Life of Charles Darwin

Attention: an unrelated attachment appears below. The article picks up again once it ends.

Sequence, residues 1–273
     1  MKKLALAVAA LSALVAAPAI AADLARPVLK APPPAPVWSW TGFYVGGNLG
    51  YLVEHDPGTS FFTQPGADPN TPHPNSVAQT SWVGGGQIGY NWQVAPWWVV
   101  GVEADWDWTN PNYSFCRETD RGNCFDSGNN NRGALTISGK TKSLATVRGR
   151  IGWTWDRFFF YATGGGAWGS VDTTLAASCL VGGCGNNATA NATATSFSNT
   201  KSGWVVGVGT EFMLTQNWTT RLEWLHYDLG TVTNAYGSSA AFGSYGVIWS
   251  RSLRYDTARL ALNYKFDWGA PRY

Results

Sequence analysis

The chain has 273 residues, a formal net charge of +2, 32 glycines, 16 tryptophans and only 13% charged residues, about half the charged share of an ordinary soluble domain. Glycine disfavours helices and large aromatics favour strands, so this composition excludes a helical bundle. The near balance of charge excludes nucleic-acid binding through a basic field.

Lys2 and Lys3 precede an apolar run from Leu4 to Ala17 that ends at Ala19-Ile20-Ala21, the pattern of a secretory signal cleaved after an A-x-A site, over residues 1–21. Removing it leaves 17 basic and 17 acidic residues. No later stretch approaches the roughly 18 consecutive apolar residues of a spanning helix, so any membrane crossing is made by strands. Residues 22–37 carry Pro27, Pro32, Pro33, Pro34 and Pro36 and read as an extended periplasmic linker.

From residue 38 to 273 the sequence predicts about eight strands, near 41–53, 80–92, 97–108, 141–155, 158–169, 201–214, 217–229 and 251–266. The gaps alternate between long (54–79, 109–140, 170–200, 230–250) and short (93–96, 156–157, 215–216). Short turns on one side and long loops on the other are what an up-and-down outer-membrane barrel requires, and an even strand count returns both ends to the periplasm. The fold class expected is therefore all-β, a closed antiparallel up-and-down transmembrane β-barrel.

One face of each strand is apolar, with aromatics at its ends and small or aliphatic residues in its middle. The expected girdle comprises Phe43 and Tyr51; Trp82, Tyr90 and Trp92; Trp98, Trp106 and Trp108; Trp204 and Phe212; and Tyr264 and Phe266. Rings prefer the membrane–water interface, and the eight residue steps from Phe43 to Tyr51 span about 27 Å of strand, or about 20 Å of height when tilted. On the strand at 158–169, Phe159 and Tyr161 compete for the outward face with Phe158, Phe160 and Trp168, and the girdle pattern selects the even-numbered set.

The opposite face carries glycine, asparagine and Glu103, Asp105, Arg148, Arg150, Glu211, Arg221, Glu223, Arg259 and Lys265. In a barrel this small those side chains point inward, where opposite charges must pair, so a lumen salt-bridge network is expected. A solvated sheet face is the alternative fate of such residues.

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From Content: "IF ever a man-s ancestors transmitted to him ability to succeed in a particular field, Charles Darwin-s did. If ever early surroundings were calculated to call out inherited ability, Charles Darwin-s were. If ever a man grew up when a ferment of thought was disturbing old convictions in the domain of knowledge for which he was adapted, Charles Darwin did. If ever a man was fitted by worldly position to undertake unbiassed and long-continued investigations, Charles Darwin was such a man. And he indisputably found realms waiting for a conqueror. Yet Darwin-s achievements far transcend his advantages of ancestry, surroundings, previous suggestion, position. He stands magnificently conspicuous as a genius of rare simplicity of soul, of unwearied patience of observation, of striking fertility and ingenuity of method, of unflinching devotion to and belief in the efficacy of truth. He revolutionised not merely half-a-dozen sciences, but the whole current of thinking men-s mental life. The Darwins were originally a Lincolnshire family of some position, and being royalists suffered heavy losses- 12 - under the Commonwealth. The third William Darwin (born 1655), whose mother was a daughter of Erasmus Earle, serjeant-at-law,1 married the heiress of Robert Waring, of Wilsford, Notts, who also inherited the manor of Elston, near Newark, in that county, which still remains in the family. Robert Darwin, second son of this William Darwin, succeeded to the Elston estate, and was described by Stukeley, the antiquary, as -a person of curiosity,- an expression conveying high commendation. His eldest son, Robert Waring Darwin, studied botany closely, and published a -Principia Botanica,- which reached a third edition; but his youngest son, Erasmus, born 1731, was destined to become the first really famous man of the family. Erasmus Darwin-s personal characteristics, his medical talents, and his poetic writings were such as to overshadow, for his own generation, his scientific merit. We have not space here to describe his career and his works, which has been so well done by his grandson, and by Ernst Krause (-Erasmus Darwin,- 1879). Horace Walpole regarded his description of creation in -The Botanic Garden- (part i., canto 1, lines 103-114) as the most sublime passage in any language he knew: and The Edinburgh Review (vol. ii., 1803, p. 501) says of his -Temple of Nature-: -If his fame be destined in anything to outlive the fluctuating fashion of the day, it is on his merit as a poet that it is likely to rest; and his reveries - 13 -in science have probably no other chance of being saved from oblivion but by having been -married to immortal verse.-- The present age regards it as next to impossible to write science in poetry; although few have succeeded better in the attempt than Erasmus Darwin. It is singular that he should have partially anticipated his illustrious grandson-s theories, but without supporting them by experimental proof or by deep scientific knowledge. Suffice it to say now, that Erasmus contemplated to a great extent the same domain of science as Charles Darwin, having also a mechanical turn; and was educated at Edinburgh and Cambridge. His observations on Providence in 1754, when only twenty-three, in commenting on his father-s death, are very interesting to compare with his grandson-s attitude: -That there exists a superior Ens Entium, which formed these wonderful creatures, is a mathematical demonstration. That He influences things by a particular providence is not so evident. The probability, according to my notion, is against it, since general laws seem sufficient for that end.... The light of Nature affords us not a single argument for a future state: this is the only one, that it is possible with God, since He who made us out of nothing can surely re-create us; and that He will do this we humbly hope.-
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